47. Mr. SEVÓN (Finland) said that as his amendment gave rise to difficulties he would withdraw it.

48. Mr. KHOO (Singapore), introducing his amendment to article 39 [became CISG article 41 ] (A/CONF.97/C.1/L.145), said that its purpose was simply to remove the ambiguity in paragraph 1. The expression "subject to" seemed to him to be quite clear in English but it might not be in the other languages. The Drafting Committee could perhaps try to align the different versions of his proposal.

49. The CHAIRMAN thought that the amendment by Singapore was not just a drafting matter, because rights other than those based on industrial or intellectual property were subject to a different régime and less protection was given to the buyer in the case of rights based on industrial or intellectual property.

50. Mr. KRISPIS (Greece) wondered whether the amendment by Singapore still had any point in view of the fact that the Committee had adopted the Mexican proposal.

51. Mr. FARNSWORTH (United States of America) said that the Mexican proposal, which added a sentence to article 39(1) [became CISG article 41 ], and deleted the expression "other than one based on industrial or intellectual property", satisfied the objections which had been raised. The expression in English "subject to . . .", proposed by Singapore, would modify the substance of article 39 [became CISG article 41 ]. Article 40 [became CISG article 42 ] applied only to rights and claims based on industrial or intellectual property. There were thus two different régimes, and when the matter had been discussed at length at the UNCITRAL session in 1977, that expression had not won acceptance.

52. Mr. KHOO (Singapore) said that in view of the comments made by the United States representative he would withdraw his amendment.

53. The CHAIRMAN invited the members of the Committee to consider the amendment by Norway (A/CONF.97/C.1/L.127), which concerned the English text only.

54. Mr. KOPAC (Czechoslovakia) observed that the amendment proposed by Norway raised the problem of the consequences for the buyer of failing to give notice of the non-conformity of the goods within a reasonable time after he had become aware of it, which was dealt with in article 37(2) [became CISG article 39(2) ]. Many delegations had pointed out that the emphasis in the article was not on the lack of conformity of the goods but on the buyer's inability to rely on the provisions of paragraph 2. From that standpoint, the Norwegian amendment could not be adopted so long as a decision had not been taken about the wording to be used in article 37(2) [became CISG article 39(2) ], which had not yet been finalized. The texts of the two articles should be harmonized.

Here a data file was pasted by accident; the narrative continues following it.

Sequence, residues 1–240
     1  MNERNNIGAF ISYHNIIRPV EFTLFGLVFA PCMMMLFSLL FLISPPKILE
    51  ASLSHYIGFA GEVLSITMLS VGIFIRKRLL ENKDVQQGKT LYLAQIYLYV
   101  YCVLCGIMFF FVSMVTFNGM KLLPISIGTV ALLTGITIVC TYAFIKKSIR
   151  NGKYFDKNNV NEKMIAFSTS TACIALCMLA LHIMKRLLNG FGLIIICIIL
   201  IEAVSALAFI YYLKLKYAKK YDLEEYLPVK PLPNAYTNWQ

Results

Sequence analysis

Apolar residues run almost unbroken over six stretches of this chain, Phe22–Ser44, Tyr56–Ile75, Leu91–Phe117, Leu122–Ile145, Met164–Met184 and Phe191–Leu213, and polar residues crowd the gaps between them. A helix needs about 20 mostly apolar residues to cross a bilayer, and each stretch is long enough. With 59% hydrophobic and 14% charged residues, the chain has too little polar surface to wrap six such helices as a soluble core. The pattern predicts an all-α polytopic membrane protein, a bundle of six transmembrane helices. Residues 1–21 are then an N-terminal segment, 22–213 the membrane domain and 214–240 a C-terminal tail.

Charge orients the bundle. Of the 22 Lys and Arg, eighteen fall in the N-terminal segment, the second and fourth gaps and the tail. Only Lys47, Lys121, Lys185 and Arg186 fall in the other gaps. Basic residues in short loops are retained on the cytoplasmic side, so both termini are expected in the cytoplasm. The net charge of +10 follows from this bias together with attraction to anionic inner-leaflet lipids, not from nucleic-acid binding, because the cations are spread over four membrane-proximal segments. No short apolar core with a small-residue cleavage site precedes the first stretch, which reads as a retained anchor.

55. The CHAIRMAN said that he personally did not see a great deal of difference in the French version between the expression "ne peut se prévaloir" and the expression "est déchu du droit de se prévaloir", which corresponded to the Norwegian proposal, and asked the Norwegian representative if he wished to press his amendment.

56. Mr. ROGNLIEN (Norway), explaining his amendment, said that he attached importance to the harmonization of the expressions used in articles 37, 39 and 45 [became CISG article 39, CISG article 43 and CISG article 49 ] to define the cases in which the buyer lost his right to rely on the provisions. He recognized, however, that it would be preferable to defer consideration of his proposal until a decision had been taken on the wording of article 37(2) [became CISG article 39(2) ].

57. Mr. KRISPIS (Greece) pointed out that legally as well as logically a person could not lose a right unless he had possessed it in the first place, and that it would be more satisfactory to align the expression used in article 37(1) and (2) [became CISG article 39(1) and (2) ] ("the buyer loses the right") with the expression used in article 39(2) [became CISG article 43 ] ("the buyer does not have the right").

58. Mr. FARNSWORTH (United States of America), supported by Mr. FELTHAM (United Kingdom), agreed that it was unnecessary to use different terms to express the same idea in different articles and was in favour of the wording suggested by the Norwegian representative for the English text, namely, "the buyer loses the right".